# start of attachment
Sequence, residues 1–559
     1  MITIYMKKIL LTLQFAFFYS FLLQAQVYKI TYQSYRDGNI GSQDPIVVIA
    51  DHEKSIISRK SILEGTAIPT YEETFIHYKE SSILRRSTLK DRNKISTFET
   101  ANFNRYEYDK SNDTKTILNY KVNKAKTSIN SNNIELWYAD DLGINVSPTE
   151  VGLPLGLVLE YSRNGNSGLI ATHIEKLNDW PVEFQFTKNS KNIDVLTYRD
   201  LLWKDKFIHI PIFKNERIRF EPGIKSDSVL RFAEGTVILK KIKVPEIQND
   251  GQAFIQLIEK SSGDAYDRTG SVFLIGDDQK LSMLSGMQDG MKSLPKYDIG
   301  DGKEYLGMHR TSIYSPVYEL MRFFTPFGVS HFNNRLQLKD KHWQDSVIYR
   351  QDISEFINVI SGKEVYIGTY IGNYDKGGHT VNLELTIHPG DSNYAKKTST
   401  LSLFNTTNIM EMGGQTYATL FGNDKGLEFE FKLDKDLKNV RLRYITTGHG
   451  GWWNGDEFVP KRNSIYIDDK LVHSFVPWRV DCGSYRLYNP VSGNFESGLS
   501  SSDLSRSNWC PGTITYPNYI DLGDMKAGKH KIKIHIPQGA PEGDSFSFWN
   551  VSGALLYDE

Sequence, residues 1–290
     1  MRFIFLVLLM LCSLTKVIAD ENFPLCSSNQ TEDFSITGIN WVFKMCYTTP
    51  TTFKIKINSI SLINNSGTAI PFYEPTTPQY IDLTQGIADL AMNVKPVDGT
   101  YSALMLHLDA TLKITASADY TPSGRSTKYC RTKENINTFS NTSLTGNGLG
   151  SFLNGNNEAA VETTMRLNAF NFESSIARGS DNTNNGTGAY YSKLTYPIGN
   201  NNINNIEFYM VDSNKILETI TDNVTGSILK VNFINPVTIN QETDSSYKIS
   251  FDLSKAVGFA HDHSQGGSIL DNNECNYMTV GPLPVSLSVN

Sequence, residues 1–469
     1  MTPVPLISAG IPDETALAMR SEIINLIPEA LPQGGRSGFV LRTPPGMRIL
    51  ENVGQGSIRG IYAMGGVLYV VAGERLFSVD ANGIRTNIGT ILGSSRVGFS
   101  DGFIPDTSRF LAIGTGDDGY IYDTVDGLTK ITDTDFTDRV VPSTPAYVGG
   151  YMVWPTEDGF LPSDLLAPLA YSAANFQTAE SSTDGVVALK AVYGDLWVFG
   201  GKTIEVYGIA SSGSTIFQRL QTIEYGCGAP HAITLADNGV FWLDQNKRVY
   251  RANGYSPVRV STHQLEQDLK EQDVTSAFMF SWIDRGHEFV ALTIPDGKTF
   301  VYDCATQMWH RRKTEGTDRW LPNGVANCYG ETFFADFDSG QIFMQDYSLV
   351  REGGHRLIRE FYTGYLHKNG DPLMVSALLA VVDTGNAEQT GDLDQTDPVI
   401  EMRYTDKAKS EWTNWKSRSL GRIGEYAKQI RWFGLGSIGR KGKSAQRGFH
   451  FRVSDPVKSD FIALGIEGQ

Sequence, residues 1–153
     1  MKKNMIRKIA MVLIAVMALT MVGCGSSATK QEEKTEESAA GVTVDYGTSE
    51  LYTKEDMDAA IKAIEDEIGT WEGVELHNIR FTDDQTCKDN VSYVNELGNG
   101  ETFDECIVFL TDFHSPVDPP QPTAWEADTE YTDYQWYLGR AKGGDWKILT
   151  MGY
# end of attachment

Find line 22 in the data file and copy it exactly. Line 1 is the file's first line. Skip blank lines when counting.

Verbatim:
     1  MTPVPLISAG IPDETALAMR SEIINLIPEA LPQGGRSGFV LRTPPGMRIL